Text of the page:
ANDERSON — Investors snapped up hundreds of properties at Madison County's annual tax sale on Tuesday.
The goal of the day-long event was to try and collect more than $9.3 million in delinquent property taxes owed by county residents.
Final results of the sale won't be available until today, but the numbers will likely fall far short of that optimum goal. Those investors who bought property on Wednesday have until noon today to pay the amount they bid for properties.
William "Billy" Richards Jr. is an Indianapolis-based real estate manager and broker who attends tax sales throughout Indiana.
He's affiliated with a law firm that buys properties for clients and also sponsors an annual seminar that teaches lawyers and real estate professionals how to navigate the world of property at tax sales.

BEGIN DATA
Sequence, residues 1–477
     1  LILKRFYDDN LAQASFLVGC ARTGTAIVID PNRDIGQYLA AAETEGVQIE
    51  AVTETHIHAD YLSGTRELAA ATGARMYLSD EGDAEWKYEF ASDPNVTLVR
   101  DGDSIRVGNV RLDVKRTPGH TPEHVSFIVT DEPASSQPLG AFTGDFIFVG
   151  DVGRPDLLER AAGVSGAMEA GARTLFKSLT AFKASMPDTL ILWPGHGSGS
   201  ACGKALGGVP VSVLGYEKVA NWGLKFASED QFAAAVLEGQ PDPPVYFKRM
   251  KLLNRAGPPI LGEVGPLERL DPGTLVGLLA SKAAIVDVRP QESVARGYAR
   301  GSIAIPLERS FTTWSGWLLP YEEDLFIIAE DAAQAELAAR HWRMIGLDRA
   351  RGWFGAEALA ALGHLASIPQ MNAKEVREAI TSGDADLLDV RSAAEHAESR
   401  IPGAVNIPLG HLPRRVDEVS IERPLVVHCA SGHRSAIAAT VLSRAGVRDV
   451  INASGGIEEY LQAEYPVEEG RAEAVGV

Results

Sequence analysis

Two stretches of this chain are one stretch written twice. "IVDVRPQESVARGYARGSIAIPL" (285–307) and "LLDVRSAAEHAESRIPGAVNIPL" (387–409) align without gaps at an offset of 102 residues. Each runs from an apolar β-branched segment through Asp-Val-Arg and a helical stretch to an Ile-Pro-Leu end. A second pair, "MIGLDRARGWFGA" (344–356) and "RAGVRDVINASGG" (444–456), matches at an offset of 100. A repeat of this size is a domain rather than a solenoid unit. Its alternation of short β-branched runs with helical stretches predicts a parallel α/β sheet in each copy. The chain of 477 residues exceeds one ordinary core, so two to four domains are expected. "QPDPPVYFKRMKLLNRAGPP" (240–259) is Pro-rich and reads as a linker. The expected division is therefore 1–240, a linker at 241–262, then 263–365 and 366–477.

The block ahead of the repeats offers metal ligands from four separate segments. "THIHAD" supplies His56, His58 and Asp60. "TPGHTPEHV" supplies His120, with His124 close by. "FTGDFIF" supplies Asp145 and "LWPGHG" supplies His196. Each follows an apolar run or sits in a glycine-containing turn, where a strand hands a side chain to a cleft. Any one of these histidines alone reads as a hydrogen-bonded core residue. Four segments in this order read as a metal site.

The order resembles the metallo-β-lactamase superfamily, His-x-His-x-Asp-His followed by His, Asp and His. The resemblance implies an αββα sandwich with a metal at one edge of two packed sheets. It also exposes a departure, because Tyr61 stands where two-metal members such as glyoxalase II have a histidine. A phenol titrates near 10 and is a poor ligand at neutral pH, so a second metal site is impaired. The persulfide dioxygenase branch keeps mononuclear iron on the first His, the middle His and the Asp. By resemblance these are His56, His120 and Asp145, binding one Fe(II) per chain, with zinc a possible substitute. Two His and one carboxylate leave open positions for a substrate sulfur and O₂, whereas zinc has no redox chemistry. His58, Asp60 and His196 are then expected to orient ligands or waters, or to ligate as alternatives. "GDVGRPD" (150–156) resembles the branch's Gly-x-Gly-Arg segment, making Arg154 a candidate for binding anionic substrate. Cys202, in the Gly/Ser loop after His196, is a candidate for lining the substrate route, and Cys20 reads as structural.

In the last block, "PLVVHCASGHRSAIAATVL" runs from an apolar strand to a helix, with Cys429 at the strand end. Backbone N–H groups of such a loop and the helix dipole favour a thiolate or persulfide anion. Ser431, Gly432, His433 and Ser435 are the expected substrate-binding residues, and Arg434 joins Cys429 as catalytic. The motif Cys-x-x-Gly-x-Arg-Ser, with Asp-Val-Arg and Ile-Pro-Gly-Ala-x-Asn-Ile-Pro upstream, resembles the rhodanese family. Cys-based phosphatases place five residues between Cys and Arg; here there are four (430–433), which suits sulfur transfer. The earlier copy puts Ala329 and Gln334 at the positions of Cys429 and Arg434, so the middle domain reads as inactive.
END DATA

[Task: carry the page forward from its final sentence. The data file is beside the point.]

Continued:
The No. 1 thing most people don't realize, he said, is that tax sales are court-ordered events because a property owner is delinquent on paying their taxes. That makes tax sale buyers "a party of interest in a lawsuit."
Tax sales are essentially an auction where potential buyers bid against one another. The initial bid price is the delinquent taxes owed on a property. If several potential buyers are interested in a parcel, however, the price can quickly soar past the back taxes that are owed.
KFC of Madison County LLC, for example, owns two properties on Scatterfield Road that were on the tax sale list.
The company owes just over $41,000 in back taxes on a parcel at 6620 S. Scatterfield Road near the Meijer store, and nearly $22,000 on another property at 1704 S. Scatterfield Road, according to county records.
The final bid price on the property near Meijer came to $360,000; the final bid for the other parcel was $104,000. As of mid-afternoon Wednesday, those were the highest prices paid for any property on the tax sale list.